India by 2021 will witness hydrocarbon production from its eighth sedimentary basin, Kutch offshore, as national explorer ONGC has prepared an investment plan that will be submitted soon to the Directorate General of Hydrocarbons (DGH). Kutch offshore is estimated to hold about 1 trillion cubic feet of gas reserves.
While work to put the basin on the oil and gas production map of India has been going on for two-three years, the recent changes in the policy framework has buoyed the state-run firm, according to a company executive.
Apart from the Assam Shelf, ONGC is credited with putting on production six of the seven producing basins of the country Assam-Arakan Fold Belt, Cambay, Cauvery, Krishna Godavari, Mumbai Offshore and Rajasthan. While India has a total of 26 sedimentary basins, Cauvery was the last one to begin production and was discovered in 1985.
The government recently made changes to its Hydrocarbon Exploration and Licensing Policy wherein for the existing contracts, marketing and pricing freedom to sell on arm s length basis through competitive bidding has been permitted for those new gas discoveries whose field development plan (FDP) will be approved for the first time since issuance of the new policy. We are coming to the FDP level, said the executive.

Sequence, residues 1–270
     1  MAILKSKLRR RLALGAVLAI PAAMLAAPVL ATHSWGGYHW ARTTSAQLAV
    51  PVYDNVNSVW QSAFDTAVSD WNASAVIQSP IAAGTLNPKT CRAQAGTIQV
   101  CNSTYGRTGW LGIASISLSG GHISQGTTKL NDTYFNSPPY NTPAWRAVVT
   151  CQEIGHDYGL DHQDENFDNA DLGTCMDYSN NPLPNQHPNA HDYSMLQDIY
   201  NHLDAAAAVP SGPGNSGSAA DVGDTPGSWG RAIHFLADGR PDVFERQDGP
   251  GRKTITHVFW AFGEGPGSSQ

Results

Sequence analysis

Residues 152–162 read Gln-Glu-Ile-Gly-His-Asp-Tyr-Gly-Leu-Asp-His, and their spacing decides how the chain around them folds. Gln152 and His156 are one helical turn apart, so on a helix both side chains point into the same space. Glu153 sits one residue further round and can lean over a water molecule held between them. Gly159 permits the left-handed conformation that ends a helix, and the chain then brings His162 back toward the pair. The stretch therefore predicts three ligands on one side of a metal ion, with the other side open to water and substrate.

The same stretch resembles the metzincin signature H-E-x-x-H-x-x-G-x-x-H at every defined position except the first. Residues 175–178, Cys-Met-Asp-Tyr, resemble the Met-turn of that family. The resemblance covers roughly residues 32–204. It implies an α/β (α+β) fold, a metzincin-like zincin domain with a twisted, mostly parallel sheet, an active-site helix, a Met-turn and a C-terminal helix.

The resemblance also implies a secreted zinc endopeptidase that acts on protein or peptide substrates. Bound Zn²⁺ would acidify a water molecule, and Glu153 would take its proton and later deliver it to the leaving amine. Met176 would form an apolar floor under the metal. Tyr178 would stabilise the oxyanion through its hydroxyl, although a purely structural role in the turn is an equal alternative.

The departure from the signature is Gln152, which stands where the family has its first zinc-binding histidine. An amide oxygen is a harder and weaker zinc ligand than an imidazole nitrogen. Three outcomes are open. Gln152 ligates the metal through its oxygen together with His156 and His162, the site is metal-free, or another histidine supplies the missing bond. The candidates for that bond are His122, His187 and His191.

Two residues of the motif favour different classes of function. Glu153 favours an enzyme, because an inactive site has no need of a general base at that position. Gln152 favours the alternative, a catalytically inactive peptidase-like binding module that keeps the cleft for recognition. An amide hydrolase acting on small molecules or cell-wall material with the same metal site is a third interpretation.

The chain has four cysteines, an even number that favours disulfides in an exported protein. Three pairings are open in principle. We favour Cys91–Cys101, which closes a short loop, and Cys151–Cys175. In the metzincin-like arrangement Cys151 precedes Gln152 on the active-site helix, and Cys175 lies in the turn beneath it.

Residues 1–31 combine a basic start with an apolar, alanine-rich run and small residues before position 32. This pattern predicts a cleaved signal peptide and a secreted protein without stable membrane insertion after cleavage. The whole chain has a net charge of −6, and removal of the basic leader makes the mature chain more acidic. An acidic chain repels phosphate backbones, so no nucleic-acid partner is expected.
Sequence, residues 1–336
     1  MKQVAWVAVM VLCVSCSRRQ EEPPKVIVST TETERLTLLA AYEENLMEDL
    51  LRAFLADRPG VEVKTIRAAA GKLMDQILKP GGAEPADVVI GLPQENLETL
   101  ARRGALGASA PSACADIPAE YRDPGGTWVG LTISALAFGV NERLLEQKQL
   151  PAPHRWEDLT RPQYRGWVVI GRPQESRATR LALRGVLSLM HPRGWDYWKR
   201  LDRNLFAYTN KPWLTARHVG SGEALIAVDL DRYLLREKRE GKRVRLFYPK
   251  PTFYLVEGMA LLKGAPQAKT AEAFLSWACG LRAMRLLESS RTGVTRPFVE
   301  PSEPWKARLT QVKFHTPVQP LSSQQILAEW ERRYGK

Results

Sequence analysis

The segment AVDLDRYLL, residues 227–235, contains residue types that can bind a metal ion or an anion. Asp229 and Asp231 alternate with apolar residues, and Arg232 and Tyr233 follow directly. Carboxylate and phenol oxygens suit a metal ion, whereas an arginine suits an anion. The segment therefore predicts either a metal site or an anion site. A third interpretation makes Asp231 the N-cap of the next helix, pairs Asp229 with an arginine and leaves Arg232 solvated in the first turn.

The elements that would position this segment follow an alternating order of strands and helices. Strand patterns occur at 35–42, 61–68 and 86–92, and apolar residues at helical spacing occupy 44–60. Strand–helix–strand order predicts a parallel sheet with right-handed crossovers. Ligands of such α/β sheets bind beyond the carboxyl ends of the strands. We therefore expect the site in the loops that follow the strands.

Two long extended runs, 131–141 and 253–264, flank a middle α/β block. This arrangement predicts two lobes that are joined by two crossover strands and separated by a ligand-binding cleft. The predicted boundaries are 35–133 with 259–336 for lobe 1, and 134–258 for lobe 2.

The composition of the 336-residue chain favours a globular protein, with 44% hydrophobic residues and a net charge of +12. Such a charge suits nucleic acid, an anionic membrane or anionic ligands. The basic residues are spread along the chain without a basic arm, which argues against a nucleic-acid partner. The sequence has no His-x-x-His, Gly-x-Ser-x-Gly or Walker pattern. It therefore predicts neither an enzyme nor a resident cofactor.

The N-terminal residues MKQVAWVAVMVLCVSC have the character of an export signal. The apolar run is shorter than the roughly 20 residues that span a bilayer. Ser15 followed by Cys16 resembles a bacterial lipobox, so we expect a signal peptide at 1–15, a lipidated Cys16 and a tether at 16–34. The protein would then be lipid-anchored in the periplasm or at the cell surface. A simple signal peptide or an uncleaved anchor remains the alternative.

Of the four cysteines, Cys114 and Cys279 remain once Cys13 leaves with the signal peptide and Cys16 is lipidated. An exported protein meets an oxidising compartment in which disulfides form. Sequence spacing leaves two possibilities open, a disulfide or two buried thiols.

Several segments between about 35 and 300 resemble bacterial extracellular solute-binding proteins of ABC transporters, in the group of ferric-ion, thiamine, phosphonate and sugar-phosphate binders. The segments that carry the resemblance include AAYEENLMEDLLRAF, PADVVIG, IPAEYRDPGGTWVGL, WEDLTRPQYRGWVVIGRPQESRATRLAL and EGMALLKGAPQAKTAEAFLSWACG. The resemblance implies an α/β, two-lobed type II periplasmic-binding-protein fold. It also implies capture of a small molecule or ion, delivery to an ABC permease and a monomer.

For nomination fields with the national oil companies, marketing and pricing freedom will be given if FDP for new gas discoveries is approved by the DGH. While the government has stipulated the price of gas from shallow fields at $3.69 per mmBtu, the executive said under the new policy ONGC will be able to realise $7-8 per mmBtu which is the price at which GSPC is selling gas in the region.
The company was earlier not comfortable with the fiscal regime as it believes that Kutch offshore will require heavy investment as it is not an easy area and the low price mandated by the government was challenging.
According to the official, the company has made discoveries in the mesozoic level (shallow) and it has also drilled through basalt rocks to reach deposits at depths of around 2,300-2,400 metres. This will also be the first time that ONGC will be producing hydrocarbons from sub-basaltic levels. The company has drilled through basalt rocks in the Kerala-Konkan region earlier without any success.
ONGC has also found gas in the Vindhyan basin and appraisal is likely to commence shortly.